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According to Catholicism, immediately after death someone either 'goes' to heaven (or purgatory) or hell. This is the first, or 'particular' judgment.

Then, at some unknown point in time, there will be a 'final' judgment, where people will be reunited with their (glorified) bodies.

Does the Catholic Church hold that the embodied state after the final judgment is better than heaven before being embodied, or from an individual perspective is there really no difference qualitatively in the two states?

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  • Notes before a formal answer until I can find Catholic references: 1) Resurrection of the body is such a central doctrine that it is enshrined in one of the earliest creed, The Apostles' Creed, which all mainstream Christian denominations subscribe to; 2) Every denomination I think agrees that embodied state is qualitatively BETTER & having no body is an UNNATURAL state for a human being, since we are not angel. 3) To believe otherwise (i.e. having a body is less perfect) is a Platonic belief which the church fathers were strenuously against. Feb 11 at 2:15
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Does the Catholic Church hold that the embodied state after the final judgment is better than heaven before being embodied, or from an individual perspective is there really no difference qualitatively in the two states?

The short answer is: YES, embodied state is better, and we will definitely notice the difference qualitatively!

The Doctrine of the Resurrection of the Body

First, let's consider the certainty of the resurrection of the body. This is the undisputed opinion of the unified church since the Apostolic Father era (i.e. the church fathers who knew the apostles personally), shown by a quote from Pope Clement I who was consecrated by St. Peter the Apostle himself. Then as early as AD 125 this doctrine has been included in The Apostles' Creed. Important quotes from the early church can be read in a Catholic Answers website Tract What the Early Church Believed: Resurrection of the Body.

Opposition to the Resurrection of the Body

Next, let's consider the opposite position which taught that the soul is better without the body, coming against the Early Church Fathers who were in the process of defining the orthodox faith in greater detail. This position came through multiple streams:

  • Platonism which taught that the body is a hindrance to the pursuit of wisdom and that "the philosophical life involves the attempt to free oneself (or soul) from the body, and so the philosophical life is a preparation for death."
  • Gnosticism which taught that the mortal body belongs to the world of inferior, worldly powers, and only the spirit or soul could be saved.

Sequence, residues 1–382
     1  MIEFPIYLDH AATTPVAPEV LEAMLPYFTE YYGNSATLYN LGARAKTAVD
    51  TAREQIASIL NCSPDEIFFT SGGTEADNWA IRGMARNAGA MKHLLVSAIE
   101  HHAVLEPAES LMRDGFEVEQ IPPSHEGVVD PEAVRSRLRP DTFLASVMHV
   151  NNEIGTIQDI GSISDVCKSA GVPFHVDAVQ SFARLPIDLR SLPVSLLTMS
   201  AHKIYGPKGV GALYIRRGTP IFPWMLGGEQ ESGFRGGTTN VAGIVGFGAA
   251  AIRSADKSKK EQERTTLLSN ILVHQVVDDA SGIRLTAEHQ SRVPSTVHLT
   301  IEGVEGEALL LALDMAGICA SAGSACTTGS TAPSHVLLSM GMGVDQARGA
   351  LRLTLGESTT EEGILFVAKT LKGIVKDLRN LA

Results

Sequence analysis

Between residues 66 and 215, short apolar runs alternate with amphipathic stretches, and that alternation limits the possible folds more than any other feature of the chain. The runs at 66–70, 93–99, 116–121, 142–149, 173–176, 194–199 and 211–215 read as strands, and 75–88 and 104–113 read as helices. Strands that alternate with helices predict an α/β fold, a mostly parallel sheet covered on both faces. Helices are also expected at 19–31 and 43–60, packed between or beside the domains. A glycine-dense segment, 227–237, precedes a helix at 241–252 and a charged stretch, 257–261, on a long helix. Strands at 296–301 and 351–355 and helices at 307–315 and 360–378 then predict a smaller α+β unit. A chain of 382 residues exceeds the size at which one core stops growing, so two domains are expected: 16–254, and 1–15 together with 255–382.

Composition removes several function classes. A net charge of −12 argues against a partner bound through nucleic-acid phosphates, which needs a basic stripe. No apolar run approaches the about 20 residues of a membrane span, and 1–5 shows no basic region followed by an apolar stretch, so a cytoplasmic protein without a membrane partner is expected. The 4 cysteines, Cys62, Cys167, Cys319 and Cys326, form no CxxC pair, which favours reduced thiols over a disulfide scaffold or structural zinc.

• Manichaeism, a descendant of Gnosticism, which taught the soul came from the World of Light and became trapped in a human body. St. Augustine, having been a Manichaean devotee before becoming Christian, was very familiar with this and was later instrumental in refuting this religion.

Christianity continued the Israelite vision of the body as created "Good"

Even though many early church fathers were influenced by the philosophical vocabulary at the time (Platonism), they strenuously argued against their pagan critics that the Israelite vision of the ideal human being as recorded in the Book of Genesis is correct one: that God created human being as a material body infused with immortal soul and that the whole unified human being is made in His image and pronounced good (Gen 1:27, 1:31, 2:7):

²⁷ So God created human beings in his own image. In the image of God he created them; male and female he created them.

³¹ Then God looked over all he had made, and he saw that it was very good!

⁷ Then the Lord God formed the man from the dust of the ground. He breathed the breath of life into the man’s nostrils, and the man became a living person.

In contrast, modern theologians today need to defend not only the existence, but also the immortality of the human soul, against modern philosophical materialism which views the soul as merely an emergent property of the body.

Because of the fidelity to Genesis as well as to the full humanity of Jesus Christ as God incarnate, all mainstream Christian denominations for 2,000 years have been teaching that God will give the righteous a glorified body in heaven so that God's original purpose for human being, which was marred by death because of Adam's fall, will finally be fully realized. Of course, due to the insufficient data from Scriptures, the conception of how the soul relates to the body has changed over time, and until today there is no dogma about it, BUT I believe the teaching that 1) the soul is UNNATURAL without the body and that 2) the glorified body in heaven is BETTER, has remained constant. If God doesn't consider the embodied person as better than just the soul, why would God resurrect our bodies?

Catechism of the Council of Trent on The Qualities of a Glorified Body

In the Catechism of the Council of Trent published 1566 under Pope Pius V, of which the PDF of the 1923 English translation based on the 4th Roman edition of 1907 can be found here) under Article XI ("The Resurrection of the Body") there is a section titled "The Qualities of a Glorified Body", which Catholic Apologist Tim Staples commented in his Catholic Answers article What is Heaven?:

... the Catechism of the Council of Trent, referencing the Summa Theologiae of St. Thomas Aquinas, lists these four “characteristics” or “gifts” that will be communicated to the blessed in heaven: